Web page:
Pestifere isn’t normally the type of band I would listen to. On their website, they describe themselves as melodic blackened death metal, which raises a caution flag with me – if a band needs three adjectives to describe their genre, it’s probably designed for a metal fan more discriminating and sensitive to nuance than myself. But Pestifere was extremely polished, and perhaps more importantly, effective at weaving a haunting, foreboding sound. The guitar lines were melodic enough to be accessible, but carefully sculpted to make sure that doom and despondence was all one could take away. Pestifere’s fluctuating tempos and avant-garde arrangements successfully built a pummeling wall of sound, but one that didn’t devolve into a piercing drone after two songs – a common pitfall for this type act. Impressive overall.
Closing out the night was Noble Beast. Having never seen the band live before (my only previous exposure was an old demo recording), I was instantly struck by the band’s primary three influences: Blind Guardian, Blind Guardian and Blind Guardian.
Mind you, that’s not intended to be a disparaging observation. Blind Guardian has long been one of metal’s most underrated bands. Singer Hansi Kürsch actually sits within my list of the top ten metal vocalists of all time, while guitarists André Olbrich and Marcus Siepen helped pioneer the speedy power riffage later made mainstream by bands such as Dragonforce.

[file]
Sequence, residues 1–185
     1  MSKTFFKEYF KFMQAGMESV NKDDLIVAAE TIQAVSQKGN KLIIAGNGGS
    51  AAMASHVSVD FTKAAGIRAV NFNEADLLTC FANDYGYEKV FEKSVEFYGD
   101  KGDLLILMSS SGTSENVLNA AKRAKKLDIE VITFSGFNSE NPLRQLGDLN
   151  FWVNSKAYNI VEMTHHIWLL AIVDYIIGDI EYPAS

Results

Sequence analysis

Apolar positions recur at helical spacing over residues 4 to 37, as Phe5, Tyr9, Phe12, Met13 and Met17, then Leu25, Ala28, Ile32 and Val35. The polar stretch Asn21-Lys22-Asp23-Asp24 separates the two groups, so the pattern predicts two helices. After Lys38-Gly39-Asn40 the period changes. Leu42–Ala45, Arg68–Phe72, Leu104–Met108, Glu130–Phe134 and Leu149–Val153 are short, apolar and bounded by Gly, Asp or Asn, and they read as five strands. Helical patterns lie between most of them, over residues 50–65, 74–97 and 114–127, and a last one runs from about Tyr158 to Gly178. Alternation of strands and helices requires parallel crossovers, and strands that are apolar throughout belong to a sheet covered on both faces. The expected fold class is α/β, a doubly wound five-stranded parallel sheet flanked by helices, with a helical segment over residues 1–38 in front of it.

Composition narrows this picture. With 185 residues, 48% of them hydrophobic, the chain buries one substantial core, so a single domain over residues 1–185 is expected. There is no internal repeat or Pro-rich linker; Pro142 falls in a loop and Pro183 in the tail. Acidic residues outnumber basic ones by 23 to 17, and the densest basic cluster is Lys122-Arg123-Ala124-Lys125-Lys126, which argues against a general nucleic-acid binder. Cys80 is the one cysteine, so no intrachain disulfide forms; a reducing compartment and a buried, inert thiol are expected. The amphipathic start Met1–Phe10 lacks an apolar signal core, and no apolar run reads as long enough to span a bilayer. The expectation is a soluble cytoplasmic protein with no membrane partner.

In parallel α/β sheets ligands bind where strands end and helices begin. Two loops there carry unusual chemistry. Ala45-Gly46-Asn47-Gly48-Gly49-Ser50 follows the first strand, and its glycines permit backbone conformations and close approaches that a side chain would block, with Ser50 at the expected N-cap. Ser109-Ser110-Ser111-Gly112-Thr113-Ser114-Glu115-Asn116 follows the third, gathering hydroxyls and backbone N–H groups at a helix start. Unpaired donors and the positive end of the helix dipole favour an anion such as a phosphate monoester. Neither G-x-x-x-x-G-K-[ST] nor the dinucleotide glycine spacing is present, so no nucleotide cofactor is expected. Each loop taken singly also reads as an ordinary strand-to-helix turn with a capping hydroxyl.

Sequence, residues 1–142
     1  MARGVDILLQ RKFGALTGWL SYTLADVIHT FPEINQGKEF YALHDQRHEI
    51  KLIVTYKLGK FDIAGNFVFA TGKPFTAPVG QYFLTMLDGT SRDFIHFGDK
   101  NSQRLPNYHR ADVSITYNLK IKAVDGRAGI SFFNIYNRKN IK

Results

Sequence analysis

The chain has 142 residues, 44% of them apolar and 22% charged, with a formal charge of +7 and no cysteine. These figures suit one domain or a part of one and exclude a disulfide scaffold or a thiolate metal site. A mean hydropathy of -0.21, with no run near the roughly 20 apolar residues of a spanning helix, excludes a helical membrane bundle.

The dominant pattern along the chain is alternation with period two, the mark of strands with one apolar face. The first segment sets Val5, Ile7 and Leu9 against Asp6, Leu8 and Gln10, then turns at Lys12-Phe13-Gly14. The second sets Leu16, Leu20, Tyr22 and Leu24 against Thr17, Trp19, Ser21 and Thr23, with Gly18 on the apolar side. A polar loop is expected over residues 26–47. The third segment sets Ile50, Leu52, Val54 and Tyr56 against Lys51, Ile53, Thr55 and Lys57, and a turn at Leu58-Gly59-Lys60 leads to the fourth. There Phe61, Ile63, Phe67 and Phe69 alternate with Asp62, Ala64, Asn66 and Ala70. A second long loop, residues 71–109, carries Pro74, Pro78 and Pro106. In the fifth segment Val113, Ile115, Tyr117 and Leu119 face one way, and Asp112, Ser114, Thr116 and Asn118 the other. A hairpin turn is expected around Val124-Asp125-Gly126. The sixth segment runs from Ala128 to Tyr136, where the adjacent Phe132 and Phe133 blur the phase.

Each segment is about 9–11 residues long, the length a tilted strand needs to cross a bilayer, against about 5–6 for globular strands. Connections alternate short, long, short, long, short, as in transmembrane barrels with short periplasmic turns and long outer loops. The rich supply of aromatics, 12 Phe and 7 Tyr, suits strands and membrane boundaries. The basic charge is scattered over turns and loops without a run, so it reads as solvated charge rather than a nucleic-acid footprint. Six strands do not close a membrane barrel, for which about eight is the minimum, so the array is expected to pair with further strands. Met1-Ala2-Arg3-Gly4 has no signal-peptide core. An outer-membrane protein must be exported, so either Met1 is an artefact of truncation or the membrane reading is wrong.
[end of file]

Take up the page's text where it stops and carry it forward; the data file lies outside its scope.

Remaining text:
But if you’re going to wear Blind Guardian on your sleeve, your back and your forehead, you’d better have the chops to pull it off. Thankfully, Noble Beast does. These guys were extremely tight, which was no small feat given the speed and complexity of the guitar lines. Beyond the technicality, however, what impressed me about Noble Beast was the nuance and attention to details. Most bands that I see who try this type of music figure out decent guitar harmonies and stop there. Guitarists Rob Jalonen and Matt Hodsdon have clearly put in the time and effort to ensure their lines were equally melodic and rhythmically distinct. Attention to detail is what separates first-rate from flotsam in this style, and Noble Beast fits into the former.
I also was fortunate enough to pick up a copy of their self-titled full-length and was equally impressed. Unlike a lot of recordings I come across from unsigned bands in this genre, Noble Beast’s full-length boasted a professional-quality mix. Appropriate balance, reasonable volume and no apparent EQ butchering immediately placed Noble Beast in the upper echelon of independently-released recordings in my collection.
More importantly, however, the songs were strong. Noble Beast’s mastery of power metal conventions results in an experience that is, although familiar, unabashedly delightful. Creative guitar harmonies, such as the stuttering bridge in The Dragon Reborn or the Maiden-esque interlude of We Burn, demonstrate authentic and honest passion for the genre, while blistering solos (such as the Hammett hurricane in Disintegrating Force) showcase the band’s virtuosity.
It’s when Jalonen painstakingly recreates the multi-part vocal harmonies of Blind Guardian, however, that the album truly reaches its apex. The magnetic chorus of Behold the Face Of Your Enemy features a meticulous construction whose insidious hook belies its complexity, while the judicious application of multiple vocal layers helps bring the album’s title track to life.
When you’re a poor, unsigned band, you’re creating your own gig posters. And when there’s nobody in your band with any design talent, the job ends up falling onto the guy who was able to come across an outdated version of Photoshop.